In response to:

Bringing Up Raja from the December 16, 1993 issue

To the Editors:

I would like to correct serious misrepresentations of myself and my viewpoint in Rosemary Dinnage’s review, “Bringing Up Raja,” of Stanley Kurtz’s All the Mothers Are One [NYR, December 16, 1993]. Rather than being an anthropologist as she stated, I am a psychoanalyst who worked for a year on grants doing psychoanalytic research in India and for over fifteen years with Indian patients in New York City. A far more important misrepresentation is her associating me with Sudhir Kakar, Morris Carstairs, Mintern and Lambert, and Renaldo Maduro, all of whom are varyingly involved in “psychoanalytic imperialism,” the misapplication of the schema and norms of Freudian psychoanalysis to Indian child rearing and the Indian psyche.

Those familiar with my work (In Search of Self in India and Japan: Toward a Cross-Cultural Psychology, Princeton University Press, 1988, and a number of published papers) know that I have detailed a comprehensive reworking of Freudian psychoanalysis to be much more in keeping with the basic psychological makeup and child rearing of Indians and Japanese; and that I have formulated at considerable length the various dimensions of the Indian familial self—as contrasted with the Western individualized self—as it is rooted in the complex hierarchical and intimacy relationships of the Indian extended family, with its requisite child rearing. I have also formulated a spiritual self in continuity with and counterpoint to the familial self.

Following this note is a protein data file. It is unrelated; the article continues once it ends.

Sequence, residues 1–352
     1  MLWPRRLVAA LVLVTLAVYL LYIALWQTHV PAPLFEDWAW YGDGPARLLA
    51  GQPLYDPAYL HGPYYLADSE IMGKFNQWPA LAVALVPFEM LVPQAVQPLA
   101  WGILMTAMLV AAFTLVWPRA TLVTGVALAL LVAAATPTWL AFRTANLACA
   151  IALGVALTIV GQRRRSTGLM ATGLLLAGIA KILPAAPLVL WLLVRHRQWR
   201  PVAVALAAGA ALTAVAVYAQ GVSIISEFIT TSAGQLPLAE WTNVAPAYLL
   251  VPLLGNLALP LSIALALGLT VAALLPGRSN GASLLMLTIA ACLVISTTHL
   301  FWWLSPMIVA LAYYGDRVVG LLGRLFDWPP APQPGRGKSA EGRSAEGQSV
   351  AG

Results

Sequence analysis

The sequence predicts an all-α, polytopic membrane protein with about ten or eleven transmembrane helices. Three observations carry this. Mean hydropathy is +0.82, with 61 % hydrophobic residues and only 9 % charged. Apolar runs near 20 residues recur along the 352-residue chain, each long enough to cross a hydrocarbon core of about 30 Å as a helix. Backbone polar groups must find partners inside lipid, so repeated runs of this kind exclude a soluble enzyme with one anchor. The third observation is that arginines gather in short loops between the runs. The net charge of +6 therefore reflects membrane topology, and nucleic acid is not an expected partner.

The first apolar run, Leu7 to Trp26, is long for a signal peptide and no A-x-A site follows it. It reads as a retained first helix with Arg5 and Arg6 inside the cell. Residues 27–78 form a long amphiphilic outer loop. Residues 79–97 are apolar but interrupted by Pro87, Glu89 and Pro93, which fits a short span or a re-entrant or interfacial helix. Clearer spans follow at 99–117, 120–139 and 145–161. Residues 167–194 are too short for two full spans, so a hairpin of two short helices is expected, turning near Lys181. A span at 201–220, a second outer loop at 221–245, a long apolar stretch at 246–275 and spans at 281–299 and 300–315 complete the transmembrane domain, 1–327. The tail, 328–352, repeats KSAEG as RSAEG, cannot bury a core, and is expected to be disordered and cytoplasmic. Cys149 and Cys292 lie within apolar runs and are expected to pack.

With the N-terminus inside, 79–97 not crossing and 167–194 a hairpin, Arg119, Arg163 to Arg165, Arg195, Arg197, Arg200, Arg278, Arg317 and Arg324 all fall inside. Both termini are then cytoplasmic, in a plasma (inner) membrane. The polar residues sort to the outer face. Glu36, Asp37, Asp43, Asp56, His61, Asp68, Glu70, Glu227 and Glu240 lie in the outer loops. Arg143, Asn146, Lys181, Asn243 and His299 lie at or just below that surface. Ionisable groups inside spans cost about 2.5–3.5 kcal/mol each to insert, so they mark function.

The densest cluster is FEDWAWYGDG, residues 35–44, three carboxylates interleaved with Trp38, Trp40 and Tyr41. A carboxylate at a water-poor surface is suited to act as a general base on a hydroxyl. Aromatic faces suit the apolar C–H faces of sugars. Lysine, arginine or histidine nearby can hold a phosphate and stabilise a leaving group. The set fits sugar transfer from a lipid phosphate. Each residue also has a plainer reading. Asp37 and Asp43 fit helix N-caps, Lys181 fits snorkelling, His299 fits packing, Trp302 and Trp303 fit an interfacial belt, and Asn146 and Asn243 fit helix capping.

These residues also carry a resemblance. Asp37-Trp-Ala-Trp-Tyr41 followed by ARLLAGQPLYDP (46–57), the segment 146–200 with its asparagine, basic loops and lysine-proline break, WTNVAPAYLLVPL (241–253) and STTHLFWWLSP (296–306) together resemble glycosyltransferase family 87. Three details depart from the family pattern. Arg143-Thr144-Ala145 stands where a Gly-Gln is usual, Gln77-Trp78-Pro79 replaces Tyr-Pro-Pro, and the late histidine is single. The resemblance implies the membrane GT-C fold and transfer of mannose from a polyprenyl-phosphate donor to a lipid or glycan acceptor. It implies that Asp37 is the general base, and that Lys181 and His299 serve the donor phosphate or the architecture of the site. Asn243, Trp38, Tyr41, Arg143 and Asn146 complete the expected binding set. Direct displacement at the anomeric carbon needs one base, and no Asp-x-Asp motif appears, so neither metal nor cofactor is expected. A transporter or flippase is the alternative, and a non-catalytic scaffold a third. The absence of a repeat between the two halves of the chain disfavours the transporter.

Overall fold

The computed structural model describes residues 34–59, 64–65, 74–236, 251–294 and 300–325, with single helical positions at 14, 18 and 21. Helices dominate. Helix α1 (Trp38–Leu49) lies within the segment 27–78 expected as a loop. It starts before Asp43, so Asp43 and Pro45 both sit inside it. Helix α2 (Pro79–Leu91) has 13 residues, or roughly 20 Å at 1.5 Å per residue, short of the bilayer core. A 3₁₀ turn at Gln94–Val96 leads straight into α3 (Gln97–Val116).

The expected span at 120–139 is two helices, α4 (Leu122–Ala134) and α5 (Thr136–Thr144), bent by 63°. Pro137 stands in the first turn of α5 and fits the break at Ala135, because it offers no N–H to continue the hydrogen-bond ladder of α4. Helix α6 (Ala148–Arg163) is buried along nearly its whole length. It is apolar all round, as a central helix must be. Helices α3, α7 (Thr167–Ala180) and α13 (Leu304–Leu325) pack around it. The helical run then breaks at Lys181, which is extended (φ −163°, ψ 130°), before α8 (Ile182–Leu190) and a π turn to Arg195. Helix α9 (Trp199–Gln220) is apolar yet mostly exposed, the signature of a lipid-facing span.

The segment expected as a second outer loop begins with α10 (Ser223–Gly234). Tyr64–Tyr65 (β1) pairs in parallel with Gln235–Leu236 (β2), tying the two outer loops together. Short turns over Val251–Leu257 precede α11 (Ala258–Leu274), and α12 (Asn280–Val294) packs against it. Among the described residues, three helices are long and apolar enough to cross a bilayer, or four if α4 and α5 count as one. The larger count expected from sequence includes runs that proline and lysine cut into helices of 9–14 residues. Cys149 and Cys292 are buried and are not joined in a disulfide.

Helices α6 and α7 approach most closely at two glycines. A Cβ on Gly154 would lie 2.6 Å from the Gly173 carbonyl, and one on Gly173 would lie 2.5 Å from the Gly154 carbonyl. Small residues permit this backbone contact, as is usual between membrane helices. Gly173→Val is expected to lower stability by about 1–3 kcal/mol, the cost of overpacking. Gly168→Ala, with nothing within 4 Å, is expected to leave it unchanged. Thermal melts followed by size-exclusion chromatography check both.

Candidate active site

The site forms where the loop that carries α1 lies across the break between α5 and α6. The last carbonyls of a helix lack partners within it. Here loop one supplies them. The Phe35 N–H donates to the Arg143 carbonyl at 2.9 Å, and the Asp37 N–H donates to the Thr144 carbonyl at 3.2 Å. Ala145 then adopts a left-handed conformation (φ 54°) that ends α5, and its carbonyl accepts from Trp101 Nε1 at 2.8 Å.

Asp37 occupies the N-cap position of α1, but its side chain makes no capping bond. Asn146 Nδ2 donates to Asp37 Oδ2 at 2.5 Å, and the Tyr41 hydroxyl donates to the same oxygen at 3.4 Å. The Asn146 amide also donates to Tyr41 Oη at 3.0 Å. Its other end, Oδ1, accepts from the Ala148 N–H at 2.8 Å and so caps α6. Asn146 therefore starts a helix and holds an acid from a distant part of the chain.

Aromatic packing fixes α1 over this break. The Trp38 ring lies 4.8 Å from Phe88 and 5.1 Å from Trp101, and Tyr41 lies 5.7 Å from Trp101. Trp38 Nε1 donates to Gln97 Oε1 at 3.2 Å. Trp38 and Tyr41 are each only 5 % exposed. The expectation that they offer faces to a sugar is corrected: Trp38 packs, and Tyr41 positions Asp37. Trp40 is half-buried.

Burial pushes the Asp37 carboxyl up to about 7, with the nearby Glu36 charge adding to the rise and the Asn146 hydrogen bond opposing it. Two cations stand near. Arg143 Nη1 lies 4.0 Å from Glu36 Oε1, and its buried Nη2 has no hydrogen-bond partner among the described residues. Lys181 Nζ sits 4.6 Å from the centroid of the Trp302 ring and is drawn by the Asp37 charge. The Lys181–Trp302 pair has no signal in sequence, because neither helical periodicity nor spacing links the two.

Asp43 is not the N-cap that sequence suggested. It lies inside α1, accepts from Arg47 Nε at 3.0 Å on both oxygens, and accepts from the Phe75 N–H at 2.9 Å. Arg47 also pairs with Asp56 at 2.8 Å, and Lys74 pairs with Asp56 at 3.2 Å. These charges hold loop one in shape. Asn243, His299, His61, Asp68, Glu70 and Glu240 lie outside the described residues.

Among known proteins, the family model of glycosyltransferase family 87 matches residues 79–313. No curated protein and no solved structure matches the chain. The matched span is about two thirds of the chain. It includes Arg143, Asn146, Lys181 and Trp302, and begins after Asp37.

As Daniel Goleman wrote in the New York Times, March 7, 1989, “One of the most extensive criticisms of Western psychology has been made by Dr. Roland in his book…. Dr. Roland’s analysis of patterns in India and Japan led him to conclude that many fundamental differences hinge on the Western emphasis on raising children to be independent, in contrast to the Eastern focus on cultivating an intense emotional closeness and sense of dependency.”

I would appreciate your publishing this letter to set the record straight.

Alan Roland
New York City

Rosemary Dinnage replies:

I apologize for misrepresenting Dr. Roland as anthropologist rather than psychoanalyst. I should also have made clear that the view that Dr. Roland’s work does not entirely relinquish the Western-centered viewpoint is Stanley Kurtz’s (pp. 41,52, 205–214, and 278 of All the Mothers Are One).

This Issue

February 17, 1994